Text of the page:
The Great Lady Decorators — Books
What’s best about producing HomeWorkshop.com? The friendships I’ve made with creative, colorful people, and the motivation we share on a daily basis.
Some of the people I’ve become closest to are “designing women.” Not those from that comfy old TV show (RIP Dixie Carter), but real, design and decorating professionals who do incredible work; and talented DIY’ers that turn their homes into striking expressions of the unique people they are.
Yet my newest designing-women friends I haven’t met, talked with, or even chatted with online. I’ve gotten chummy with them through the pages of Adam Lewis’s new book,
The Great Lady Decorators: The Women Who Defined Interior Design, 1870-1955 (Rizzoli, 2010).
I admit my love of history runs warm and cold. My husband can recall the players, dates and locations for important world events and when asked, can recite a synopsis. For me? Touring a historic estate or an exhibit of ancient artifacts–I’m in. Reading about historic figures–not so much. But this book grabbed me from the get-go.
- Elsie de Wolfe
- Ruby Ross Wood (at right)
- Elsie Cobb Wilson
- Dorothy Draper
- Frances Elkins
- Rose Cumming
- Thedlow (a designing trio)
and Marian Hall
- Syrie Maugham
- Nancy Lancaster
- Madeleine Castaing
- Eleanor Brown
- Sister Parish
These women were instrumental in shaping what we know as the Interior Design trade. I was entranced by Lewis’s accounts of the world and times in which each woman lived, and how her interest in decorating (as it was called then) came about.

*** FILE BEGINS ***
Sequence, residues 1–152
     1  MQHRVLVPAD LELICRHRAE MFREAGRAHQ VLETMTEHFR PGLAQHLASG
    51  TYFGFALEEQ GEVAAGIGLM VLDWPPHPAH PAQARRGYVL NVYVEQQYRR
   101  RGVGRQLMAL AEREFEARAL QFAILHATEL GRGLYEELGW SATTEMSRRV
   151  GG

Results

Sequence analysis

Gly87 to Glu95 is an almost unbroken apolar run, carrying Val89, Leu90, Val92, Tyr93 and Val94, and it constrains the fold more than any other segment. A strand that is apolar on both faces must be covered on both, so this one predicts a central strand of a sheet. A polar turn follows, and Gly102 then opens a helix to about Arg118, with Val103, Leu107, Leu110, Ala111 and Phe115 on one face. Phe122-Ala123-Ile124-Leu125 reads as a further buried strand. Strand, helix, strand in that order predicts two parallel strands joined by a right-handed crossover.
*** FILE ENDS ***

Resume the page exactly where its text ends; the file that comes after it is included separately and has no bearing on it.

I could feel the influences and pressures on each woman, and could see how her talent and signature look developed. Lewis weaves in other key women and men who crossed paths with the Decorators and covers how Candace Wheeler made way for them all.
As Lewis explains, much of these ladies’ work–including images of it– was not well-documented, but I found fascinating the ample photographs he was able to include. I kept spotting vignettes that could be snipped out of the past and woven effortlessly into today’s eclectic spaces. A few times I gasped audibly, thinking ‘Wish I could have been in that room, at that party.’
Speaking of parties — Oh my! The personal lives these women led! Most of them came from money and traveled in high society. But the stories of their marriages, affairs and divorces would give the Desperate Housewives writers excellent material. Here I thought those proper women in their beautiful dresses lived proper–if hum-drum–lives. Not so.
Back to the images. Celebrated painter of “Room Portraits,” Jeremiah Goodman, contributed about a dozen of his sumptuous impressions of the lady decorators’ work.
The book is worth purchasing solely for these design confections — but there is much
I’ve enjoyed getting to know my new designing-women friends. I’ve felt the feminine guile by which some, and the steamrolling will by which others lived their lives, and produced their sitting rooms, ballrooms and drawing rooms. The resilience that after the war brought Elsie de Wolfe back to Versailles to restore her beloved Villa Trianon, the independence that drove Dorothy Draper to orchestrate her theatrical resorts.
I admire the optimism of Nancy Lancaster who–after losing her grand Haseley Court home to fire–created a hug of a sanctuary in the coach house. And I adore the confidence with which Rose Cumming saturated her bedroom in sparkling blue.
The Great Lady Decorators have become good friends that will continue to inspire.
Pay them a visit — you’ll enjoy their company.